“There is increasing interest in alternatives to conventional meat-based diets (i.e., produced by commercial pet food companies), due to concerns about pet health, environmental sustainability, and the welfare of farmed animals used to produce meat-based diets. Accordingly, alternatives such as lab-grown meat, vegan, vegetarian, and diets based on yeast and seaweed, are being rapidly developed. Vegan pet foods are most developed, and the sector was estimated to be worth $9 billion globally in 2020, which is expected to rise to $16 billion by 2028. However, some are concerned that alternative diets are ‘unnatural’, and that this may somehow compromise the welfare of dogs. Accordingly, I set out to study health and behavioral outcomes when dogs are maintained on vegan vs. meat-based diets,” Professor Knight told ZME Science.
“As far as we could tell from a detailed analysis of the behavior of over 2,000 dogs, those fed vegan diets seemed just as happy with their meals as those fed meat. And our current study of over 2,500 dogs has demonstrated that the healthiest and least hazardous diets are nutritionally sound vegan diets.”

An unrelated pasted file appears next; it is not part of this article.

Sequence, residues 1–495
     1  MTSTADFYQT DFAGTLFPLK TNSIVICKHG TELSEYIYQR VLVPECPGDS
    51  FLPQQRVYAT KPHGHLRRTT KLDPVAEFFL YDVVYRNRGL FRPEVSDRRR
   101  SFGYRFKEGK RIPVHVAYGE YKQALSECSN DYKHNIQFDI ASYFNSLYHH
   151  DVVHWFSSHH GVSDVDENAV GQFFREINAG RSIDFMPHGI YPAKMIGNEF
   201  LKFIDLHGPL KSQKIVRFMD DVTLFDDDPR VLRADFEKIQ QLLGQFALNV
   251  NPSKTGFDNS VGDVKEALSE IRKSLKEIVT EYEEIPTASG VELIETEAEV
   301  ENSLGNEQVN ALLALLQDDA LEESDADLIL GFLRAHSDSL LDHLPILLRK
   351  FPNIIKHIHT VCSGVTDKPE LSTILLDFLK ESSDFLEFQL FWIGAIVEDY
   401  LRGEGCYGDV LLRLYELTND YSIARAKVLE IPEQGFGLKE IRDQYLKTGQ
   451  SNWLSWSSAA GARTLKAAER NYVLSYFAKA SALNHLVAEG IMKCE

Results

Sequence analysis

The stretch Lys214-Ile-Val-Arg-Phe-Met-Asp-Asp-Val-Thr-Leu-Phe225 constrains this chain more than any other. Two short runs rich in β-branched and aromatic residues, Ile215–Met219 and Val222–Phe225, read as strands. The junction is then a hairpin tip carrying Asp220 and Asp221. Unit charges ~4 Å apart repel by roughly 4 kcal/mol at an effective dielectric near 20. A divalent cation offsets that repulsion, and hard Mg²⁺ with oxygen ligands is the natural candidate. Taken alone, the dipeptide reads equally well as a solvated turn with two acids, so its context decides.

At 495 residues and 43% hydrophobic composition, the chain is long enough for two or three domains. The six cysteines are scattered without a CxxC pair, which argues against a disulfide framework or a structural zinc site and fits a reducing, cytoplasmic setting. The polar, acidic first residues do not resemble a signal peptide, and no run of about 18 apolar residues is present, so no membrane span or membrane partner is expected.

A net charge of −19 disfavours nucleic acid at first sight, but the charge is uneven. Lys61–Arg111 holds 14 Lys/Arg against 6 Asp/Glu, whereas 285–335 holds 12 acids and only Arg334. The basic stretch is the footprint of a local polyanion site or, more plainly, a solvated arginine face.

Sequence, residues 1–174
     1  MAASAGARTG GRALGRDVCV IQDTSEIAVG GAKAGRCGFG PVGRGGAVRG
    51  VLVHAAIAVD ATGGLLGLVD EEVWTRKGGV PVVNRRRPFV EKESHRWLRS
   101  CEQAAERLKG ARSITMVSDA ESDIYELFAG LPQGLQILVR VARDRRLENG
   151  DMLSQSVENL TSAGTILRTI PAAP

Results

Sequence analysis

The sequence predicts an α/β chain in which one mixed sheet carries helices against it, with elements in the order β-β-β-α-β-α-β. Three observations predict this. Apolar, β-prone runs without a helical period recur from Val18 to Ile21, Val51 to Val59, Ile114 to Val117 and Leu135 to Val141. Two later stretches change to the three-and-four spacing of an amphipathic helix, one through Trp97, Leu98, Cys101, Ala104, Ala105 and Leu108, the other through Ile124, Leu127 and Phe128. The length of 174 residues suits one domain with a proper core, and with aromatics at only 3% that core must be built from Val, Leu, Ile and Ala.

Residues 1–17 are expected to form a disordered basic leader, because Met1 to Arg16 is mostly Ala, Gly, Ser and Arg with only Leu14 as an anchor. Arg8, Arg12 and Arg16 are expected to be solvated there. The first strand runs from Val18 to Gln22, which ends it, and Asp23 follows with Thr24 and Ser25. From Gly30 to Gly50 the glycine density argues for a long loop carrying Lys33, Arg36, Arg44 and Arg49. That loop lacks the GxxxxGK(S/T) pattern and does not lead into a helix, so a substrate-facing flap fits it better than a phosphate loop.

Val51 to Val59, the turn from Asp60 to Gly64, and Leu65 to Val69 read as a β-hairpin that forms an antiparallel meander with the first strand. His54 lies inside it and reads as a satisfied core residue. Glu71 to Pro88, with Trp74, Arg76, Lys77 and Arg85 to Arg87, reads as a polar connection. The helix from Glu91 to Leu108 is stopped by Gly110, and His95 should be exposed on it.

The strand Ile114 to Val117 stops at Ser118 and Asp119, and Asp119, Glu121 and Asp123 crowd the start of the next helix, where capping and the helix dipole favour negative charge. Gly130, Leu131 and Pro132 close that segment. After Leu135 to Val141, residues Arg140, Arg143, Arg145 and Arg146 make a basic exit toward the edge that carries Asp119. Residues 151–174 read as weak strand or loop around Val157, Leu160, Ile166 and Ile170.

The data analyzed by the researchers included general characteristics such as the quality of the dogs’ coats and specific health disorders, as well as the number of veterinary visits and the use of medications.
The preliminary results showed that the dogs who were fed a raw meat diet tended to appear the healthiest. But on second look, these dogs were significantly younger and thus less prone to age-related health problems. Additionally, people who would feed their dogs exclusively raw meat were also less inclined to take their pets to the veterinarian. While this sounds like additional evidence that a raw meat diet protects dogs, prior research showed that the guardians of dogs on raw meat are less likely to seek veterinary advice even when they normally should have.